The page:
A Walpurgisnacht gathering at the Heidelberg Thingstätten in 2007 (from Wikimedia Commons)

For Setians in LV-426, the lore of witches roaming mountains on this night, throwing bacchanalian rites to a horned god mistaken for “Satan” is suggestive of our own experiences with Set. Since He is a nocturnal god of the wilderness, we’ve always preferred to recite our incantations to Him in lonely woodsy areas after dark (or immediately before dawn). And since the ears of Set’s most holy symbol, the Sha, resemble “horns” (not to mention that some of His other sacred animals include such horned and hoofed critters as antelope and oryx), it is easy enough to conceptualize ourselves as “witches” who invoke a horned god at night. So adopting Walpurgisnacht into our religious calendar has always made sense, at least to us.

With apologies to Francisco Goya…

Perhaps the greatest Walpurgisnacht in LV-426 history so far was in 2005. It was on a Saturday that year, and I was living in Houston. The Tonester drove down to visit me for the whole weekend, and we hit the city together like bricks fired from a machine gun. We roamed every strip club, antique book store, and vintage record shop we could afford at the time, growling the lyrics to all our favorite death metal songs and shouting a random “DUA SET!” at every turn. It was perhaps the only time in my life that I have ever felt completely comfortable wearing my spirituality on my sleeve in public. It was a weekend full of booze, lewd jokes, horror flicks, and about a ton and a half of heavy fuckin’ metal. We really shook the pillars of heaven, by gods, and when it was over, we both knew Big Red was mighty pleased.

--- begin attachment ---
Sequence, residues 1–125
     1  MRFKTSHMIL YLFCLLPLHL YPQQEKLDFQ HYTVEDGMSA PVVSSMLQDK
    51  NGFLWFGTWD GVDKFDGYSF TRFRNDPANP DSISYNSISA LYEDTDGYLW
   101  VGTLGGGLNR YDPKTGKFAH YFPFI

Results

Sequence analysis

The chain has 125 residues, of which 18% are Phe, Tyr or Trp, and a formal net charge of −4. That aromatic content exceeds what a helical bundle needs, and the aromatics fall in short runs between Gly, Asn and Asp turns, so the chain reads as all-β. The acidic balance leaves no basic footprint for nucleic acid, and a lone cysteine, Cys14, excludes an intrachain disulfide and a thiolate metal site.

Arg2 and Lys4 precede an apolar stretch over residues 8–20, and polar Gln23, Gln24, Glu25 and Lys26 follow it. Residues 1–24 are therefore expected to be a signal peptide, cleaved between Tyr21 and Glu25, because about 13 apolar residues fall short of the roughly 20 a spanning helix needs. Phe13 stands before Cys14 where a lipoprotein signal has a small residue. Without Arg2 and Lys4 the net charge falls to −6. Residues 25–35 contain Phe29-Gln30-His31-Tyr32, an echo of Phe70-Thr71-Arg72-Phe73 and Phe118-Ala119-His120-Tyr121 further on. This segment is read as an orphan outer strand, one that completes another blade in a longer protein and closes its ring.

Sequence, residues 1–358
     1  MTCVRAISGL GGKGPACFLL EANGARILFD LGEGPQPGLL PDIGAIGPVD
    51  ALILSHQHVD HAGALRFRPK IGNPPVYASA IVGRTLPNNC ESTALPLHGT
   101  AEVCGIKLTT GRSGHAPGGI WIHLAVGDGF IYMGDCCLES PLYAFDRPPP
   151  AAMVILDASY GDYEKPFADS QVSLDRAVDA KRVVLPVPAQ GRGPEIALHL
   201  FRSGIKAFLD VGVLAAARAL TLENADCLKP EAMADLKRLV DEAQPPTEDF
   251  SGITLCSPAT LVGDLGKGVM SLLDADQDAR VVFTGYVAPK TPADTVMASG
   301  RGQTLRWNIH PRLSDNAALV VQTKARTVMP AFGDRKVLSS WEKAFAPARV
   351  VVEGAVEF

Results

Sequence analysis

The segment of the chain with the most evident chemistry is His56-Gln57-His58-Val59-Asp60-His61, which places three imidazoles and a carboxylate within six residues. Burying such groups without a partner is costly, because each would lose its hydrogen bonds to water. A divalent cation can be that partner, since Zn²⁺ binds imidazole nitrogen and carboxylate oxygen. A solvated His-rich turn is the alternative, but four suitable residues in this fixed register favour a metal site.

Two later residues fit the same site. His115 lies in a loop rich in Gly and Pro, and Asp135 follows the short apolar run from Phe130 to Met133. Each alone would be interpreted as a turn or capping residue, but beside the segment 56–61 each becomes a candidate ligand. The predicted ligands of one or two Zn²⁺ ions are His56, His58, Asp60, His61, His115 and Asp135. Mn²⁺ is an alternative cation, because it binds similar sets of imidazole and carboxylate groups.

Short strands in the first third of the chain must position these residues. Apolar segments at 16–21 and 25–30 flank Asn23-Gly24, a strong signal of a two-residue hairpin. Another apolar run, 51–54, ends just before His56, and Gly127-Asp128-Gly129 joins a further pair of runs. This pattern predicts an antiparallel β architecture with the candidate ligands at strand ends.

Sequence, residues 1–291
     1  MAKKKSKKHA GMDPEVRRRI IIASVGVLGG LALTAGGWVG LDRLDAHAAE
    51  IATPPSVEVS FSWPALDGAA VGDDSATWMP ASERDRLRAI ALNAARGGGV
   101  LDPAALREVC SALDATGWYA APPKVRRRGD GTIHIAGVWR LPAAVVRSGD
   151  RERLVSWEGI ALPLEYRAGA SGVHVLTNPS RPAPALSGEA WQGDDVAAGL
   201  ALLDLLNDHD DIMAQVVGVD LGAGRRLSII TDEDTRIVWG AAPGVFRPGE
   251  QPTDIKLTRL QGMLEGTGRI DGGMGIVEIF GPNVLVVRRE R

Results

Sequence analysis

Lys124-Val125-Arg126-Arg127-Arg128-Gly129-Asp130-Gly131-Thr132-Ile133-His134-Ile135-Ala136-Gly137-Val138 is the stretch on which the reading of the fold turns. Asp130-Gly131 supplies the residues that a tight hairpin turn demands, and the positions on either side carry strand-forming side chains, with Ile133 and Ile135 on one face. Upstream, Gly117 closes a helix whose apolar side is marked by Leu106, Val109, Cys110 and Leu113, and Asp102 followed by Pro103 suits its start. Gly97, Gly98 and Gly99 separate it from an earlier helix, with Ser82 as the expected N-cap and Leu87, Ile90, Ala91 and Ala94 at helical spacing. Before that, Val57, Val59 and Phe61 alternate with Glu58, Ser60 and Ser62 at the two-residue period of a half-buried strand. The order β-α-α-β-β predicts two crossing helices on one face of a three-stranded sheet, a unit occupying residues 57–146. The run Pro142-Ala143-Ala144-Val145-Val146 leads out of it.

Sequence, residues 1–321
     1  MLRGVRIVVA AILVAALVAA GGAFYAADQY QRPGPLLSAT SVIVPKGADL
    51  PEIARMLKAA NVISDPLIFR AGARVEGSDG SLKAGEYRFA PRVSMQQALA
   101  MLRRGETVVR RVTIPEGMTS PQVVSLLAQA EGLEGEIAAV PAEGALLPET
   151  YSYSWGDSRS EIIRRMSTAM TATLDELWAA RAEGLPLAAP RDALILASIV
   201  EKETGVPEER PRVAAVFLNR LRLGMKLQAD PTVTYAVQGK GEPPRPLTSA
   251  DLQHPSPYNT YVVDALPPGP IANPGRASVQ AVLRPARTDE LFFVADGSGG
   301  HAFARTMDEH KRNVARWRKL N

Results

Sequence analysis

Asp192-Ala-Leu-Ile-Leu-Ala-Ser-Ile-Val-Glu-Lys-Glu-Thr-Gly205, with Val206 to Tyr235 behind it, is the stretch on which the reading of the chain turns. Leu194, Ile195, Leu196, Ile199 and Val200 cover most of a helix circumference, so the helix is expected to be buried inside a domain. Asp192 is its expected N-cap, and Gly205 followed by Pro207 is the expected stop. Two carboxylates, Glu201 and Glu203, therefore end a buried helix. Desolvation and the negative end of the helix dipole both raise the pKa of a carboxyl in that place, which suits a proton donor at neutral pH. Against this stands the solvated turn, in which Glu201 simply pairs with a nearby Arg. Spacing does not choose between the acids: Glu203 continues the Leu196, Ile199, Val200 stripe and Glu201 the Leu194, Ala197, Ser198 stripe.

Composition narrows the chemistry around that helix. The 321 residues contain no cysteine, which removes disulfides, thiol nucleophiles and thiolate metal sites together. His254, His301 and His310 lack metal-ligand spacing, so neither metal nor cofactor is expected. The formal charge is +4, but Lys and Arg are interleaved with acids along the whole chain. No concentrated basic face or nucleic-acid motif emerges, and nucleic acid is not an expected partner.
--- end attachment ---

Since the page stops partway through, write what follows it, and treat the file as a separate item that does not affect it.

“Turn it up to 11, Hoss!”

Saturday, April 30, 2005: The city of Houston fell under siege to a bizarre sect known only as LV-426. Heads were turned and jaws were dropped as two strapping young lads of Sutekh took to the streets. No slice of pepperoni pizza was safe. No vintage record shop could run. No 1970s folk horror movie could hide. But lo, musical instrument shops had it the worst by far; for Set’s crazed servants did ecstastically hammer on drums, strum on electric guitars, and scream psalms to His Majesty on microphones turned up to 11 in full public view. Never before had such madness been seen or endured by the community, and the dark wizards soon vanished as mysteriously as they had appeared, like a nightmare before the break of day. No evidence remains of the outlandish lunacies that were witnessed on that fateful Walpurgis Night—not even a photograph…

Friday the Thirteenth

When Set slays Osiris in Egyptian mythology, He chops him into 14 pieces, 13 of which are then buried throughout the world (before they are re-assembled and restored to life by Isis), while Set feeds the final piece—Osiris’ phallus—to an elephantfish. (Dennis Wheatley refers to this fish as “the Talisman of Set” in his 1934 novel, The Devil Rides Out.) There were also 13 people at the Last Supper of Christ, which was soon followed by his crucifixion (on a Friday, no less). In both tales, the dying-and-rising god can’t rise from the dead until he is killed first (with Judas Iscariot fulfilling the Setian role in the Christian narrative). The god must be sacrificed before he can rise again and offer new life to the world, and in this context, the number 13 represents initiation: the (often painful) ending of one phase of existence, followed by the glorious emergence of a new and better life.

In LV-426, we don’t view Set and Osiris as “enemies”; we think of the two as being like a gardener and a rosebush, respectively. It’s Set’s job to “prune” Osiris so the latter can produce fresh “blooms,” which keeps the universe alive and healthy. If Set were not there to keep Osiris regenerating himself, there would be no past and no future; there would only be a static present in which nothing new can thrive. So while the experience of being “pruned” by life’s hard knocks certainly isn’t pleasant for anyone, Setians in LV-426 believe it’s important to honor Set for His role in this process. We also think it’s important to take a moment and Hail Osiris as well, and Friday the Thirteenth is our preferred time for doing so.